How does Tagore explore traditional Indian domestic and gender roles?
Marriage and marital relationships are the focus of several of Tagore's stories. In this essay, there are two major points to discuss. The first is the relationship between married couples and the specific roles they inhabit. You can look at Dakshayani in "Taraprasanna's Fame" and her guilt over not bearing her husband a son, or at Chandara in "Punishment" and her fierce independence that leads her to choose death over being married to a husband who betrayed her. The second major point to explore is the convention of the bridal dowry, which is a responsibility mainly borne by the husband, and central to the drama of "Profit and Loss," "Thoughtlessness," and "Taraprasanna's Fame." In all of these, the bridal dowry represents a point of pride for the family and sometimes their ability to marry a daughter into a higher social class. All in all, Tagore portrays domestic obligations as serious and often onerous.
How does Tagore develop the theme of otherness in "Kabuliwallah"?
"Kabuliwallah" is a story that centers a relationship between the narrator's young daughter and a traveling merchant from Afghanistan, with a climactic scene where the narrator recognizes his kinship with a man he considered quite different from himself. Tagore crafts a fantastic story by constructing the Kabuliwallah as an "other," or an outsider who represents something very different from the narrator's norm. Particularly revealing is the Kabuliwallah's personal presentation, including his style of dress and how he speaks, and how this distinguishes him from the narrator's community. Ultimately, the Kabuliwallah's difference helps to enable the narrator's feelings of weariness about him when he gets out of jail, and the Kabuliwallah's otherness is intensified as he is now a convicted criminal as well as an ethnic outsider. This all collapses when the narrator sees the Kabuliwallah's daughter's handprint, as the narrator realizes that despite all the otherness, he and the Kabuliwallah are both loving fathers.
Discuss the portrayal of the British imperial government in Tagore's stories and what implication this has on Tagore's portrayal of Indian society.
Tagore doesn't portray any British people directly in his story, but he does portray functionaries of the British imperial government that ruled India at the time. One of these is the postmaster in "The Postmaster," who is sent from his home in Calcutta to the countryside, where he struggles to adjust to the new speed of life. As a postmaster, he's there to help connect the local indigo trade to a wider Indian market, but he feels over-educated and sorely out of place in the new village. He develops a close relationship with an orphan who helps him with housework, but ultimately he abandons her. In "The Hungry Stones," the central storyteller is initially sent to Hyderabad as a tax collector, but is seduced by a haunted palace and moves like a ghost through his working days to spend his dreaming life enjoying the palace. In both scenarios, the functionaries of the government are portrayed as out of place in more traditional Indian areas, speaking to the struggles that India faced during Britain's push to modernize it. Explore interactions between characters and these protagonist's own feelings about their roles.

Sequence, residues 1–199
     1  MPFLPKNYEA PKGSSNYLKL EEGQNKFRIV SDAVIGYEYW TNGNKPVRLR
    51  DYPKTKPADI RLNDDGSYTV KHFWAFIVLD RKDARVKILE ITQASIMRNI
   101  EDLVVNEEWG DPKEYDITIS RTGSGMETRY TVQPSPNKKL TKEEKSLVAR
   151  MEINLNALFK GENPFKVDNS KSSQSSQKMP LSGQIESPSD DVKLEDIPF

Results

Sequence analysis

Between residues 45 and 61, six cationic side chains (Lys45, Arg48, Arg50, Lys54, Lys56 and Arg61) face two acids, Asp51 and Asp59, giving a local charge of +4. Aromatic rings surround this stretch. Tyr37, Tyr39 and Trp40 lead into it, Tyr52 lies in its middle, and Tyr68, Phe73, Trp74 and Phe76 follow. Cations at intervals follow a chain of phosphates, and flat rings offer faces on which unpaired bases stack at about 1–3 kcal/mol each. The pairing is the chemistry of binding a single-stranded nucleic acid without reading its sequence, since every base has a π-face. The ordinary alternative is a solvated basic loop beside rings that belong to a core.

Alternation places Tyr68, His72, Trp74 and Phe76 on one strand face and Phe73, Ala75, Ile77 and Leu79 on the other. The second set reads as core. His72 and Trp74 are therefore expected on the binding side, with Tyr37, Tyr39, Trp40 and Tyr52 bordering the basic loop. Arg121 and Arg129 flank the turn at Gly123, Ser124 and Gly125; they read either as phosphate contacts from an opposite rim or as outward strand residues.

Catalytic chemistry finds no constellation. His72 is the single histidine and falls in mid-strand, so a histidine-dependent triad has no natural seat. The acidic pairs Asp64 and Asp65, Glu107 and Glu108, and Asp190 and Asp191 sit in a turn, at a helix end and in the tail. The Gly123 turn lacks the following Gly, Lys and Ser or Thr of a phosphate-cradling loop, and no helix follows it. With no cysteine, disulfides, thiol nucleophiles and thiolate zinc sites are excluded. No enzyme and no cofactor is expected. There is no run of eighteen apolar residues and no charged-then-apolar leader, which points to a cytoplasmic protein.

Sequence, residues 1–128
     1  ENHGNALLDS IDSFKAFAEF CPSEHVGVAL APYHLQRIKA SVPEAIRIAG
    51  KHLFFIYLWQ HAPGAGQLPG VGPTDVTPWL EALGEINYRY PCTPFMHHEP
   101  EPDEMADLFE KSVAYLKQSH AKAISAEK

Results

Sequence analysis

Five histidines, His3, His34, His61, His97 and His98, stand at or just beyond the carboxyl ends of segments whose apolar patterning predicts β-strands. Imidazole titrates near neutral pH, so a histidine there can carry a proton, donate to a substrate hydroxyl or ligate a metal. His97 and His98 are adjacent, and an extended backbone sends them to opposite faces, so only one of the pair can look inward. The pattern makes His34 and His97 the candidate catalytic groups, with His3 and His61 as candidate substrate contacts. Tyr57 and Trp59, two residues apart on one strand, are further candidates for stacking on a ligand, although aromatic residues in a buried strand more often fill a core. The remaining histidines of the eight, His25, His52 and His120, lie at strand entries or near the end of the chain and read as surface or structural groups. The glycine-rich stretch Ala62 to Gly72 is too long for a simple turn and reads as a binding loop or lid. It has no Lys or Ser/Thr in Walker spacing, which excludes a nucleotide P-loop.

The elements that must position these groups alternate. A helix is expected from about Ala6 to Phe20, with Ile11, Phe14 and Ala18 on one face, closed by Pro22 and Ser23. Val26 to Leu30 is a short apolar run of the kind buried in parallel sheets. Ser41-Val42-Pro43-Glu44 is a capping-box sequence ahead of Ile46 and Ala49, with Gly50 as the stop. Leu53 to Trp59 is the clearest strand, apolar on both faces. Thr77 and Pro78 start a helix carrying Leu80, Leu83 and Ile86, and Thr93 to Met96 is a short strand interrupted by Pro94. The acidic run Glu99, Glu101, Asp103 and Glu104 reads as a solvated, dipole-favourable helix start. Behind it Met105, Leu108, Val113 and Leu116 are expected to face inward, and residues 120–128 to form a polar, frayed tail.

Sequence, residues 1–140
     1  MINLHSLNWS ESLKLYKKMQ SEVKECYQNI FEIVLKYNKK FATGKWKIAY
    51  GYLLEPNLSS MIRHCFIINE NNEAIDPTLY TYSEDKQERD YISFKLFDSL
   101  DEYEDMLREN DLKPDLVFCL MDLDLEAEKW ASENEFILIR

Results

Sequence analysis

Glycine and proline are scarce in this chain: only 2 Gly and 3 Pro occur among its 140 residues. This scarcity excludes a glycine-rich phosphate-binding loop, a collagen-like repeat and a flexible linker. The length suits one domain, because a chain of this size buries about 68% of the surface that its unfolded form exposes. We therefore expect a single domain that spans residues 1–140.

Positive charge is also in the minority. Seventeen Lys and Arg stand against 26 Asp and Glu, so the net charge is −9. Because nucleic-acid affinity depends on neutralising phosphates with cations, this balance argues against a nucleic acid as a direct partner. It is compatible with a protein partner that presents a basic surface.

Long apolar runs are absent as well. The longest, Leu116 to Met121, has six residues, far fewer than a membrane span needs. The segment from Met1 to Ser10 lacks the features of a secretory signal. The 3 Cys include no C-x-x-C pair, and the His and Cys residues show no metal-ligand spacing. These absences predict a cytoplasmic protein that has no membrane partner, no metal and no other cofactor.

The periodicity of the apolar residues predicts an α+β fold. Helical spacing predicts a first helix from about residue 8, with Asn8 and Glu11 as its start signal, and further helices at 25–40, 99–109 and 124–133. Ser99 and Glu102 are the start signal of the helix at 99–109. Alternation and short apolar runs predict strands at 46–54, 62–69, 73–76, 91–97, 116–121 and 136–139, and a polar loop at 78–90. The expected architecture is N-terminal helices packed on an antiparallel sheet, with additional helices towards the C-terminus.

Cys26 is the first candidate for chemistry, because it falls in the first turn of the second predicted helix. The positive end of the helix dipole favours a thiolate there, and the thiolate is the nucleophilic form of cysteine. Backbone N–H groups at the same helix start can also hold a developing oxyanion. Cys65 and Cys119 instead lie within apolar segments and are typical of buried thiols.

How does Tagore's depiction of the supernatural shape the stories that he tells?
Tagore has a variety of ways that he explores the supernatural in his short fiction. On one hand, he has ghost stories that mainly focus on supernatural events. In that grouping, there's "Skeleton," where the spirit of a woman returns to tell a story of unrequited love and a murder-suicide, as well as "The Hungry Stones," which tells the story of a man who is seduced by the lustful temptations of a haunted palace that seeks to trap his soul. On the other hand, the supernatural appears in Tagore's stories as smaller details, as elements in his characters' daily lives. Consider "Taraprasanna's Fame," where the husband and wife rely on amulets and other charms to keep them safe in the face of danger. There's also "Thoughtlessness," where the doctor believes he is being punished by some supernatural force for cheating his friend. In these stories, the supernatural stands as an ironic contrast to harrowing, real-life problems.
Why do Tagore's stories sometimes have a clear moral, and at other times not? Compare the endings and lessons of some of his stories.
Tagore's fiction can be equally powerful regardless of whether or not he chooses to teach a lesson. In "Punishment" and "Kabuliwallah," the morals are clear. Tagore lays out specific interpersonal interactions that speak to a general way that others should be treated, and it's easy to discern what lesson Tagore is trying to teach. But in others, like "Profit and Loss" or "The Postmaster," Tagore is setting out a moral conundrum, and in these stories, he seems interested in the types of ethically complicated situations which have no clear resolution. In a sense, these are the more modern of Tagore's stories since they deal with complex, unresolved problems. In yet other stories of Tagore's, such as "The Hungry Stones" and "Skeleton," a scandalous narrative unfolds but both are cut off before they end, without any sort of moralizing commentary. Part of what makes Tagore an expert storyteller is his ability to modulate how resolved any of his given stories should end up.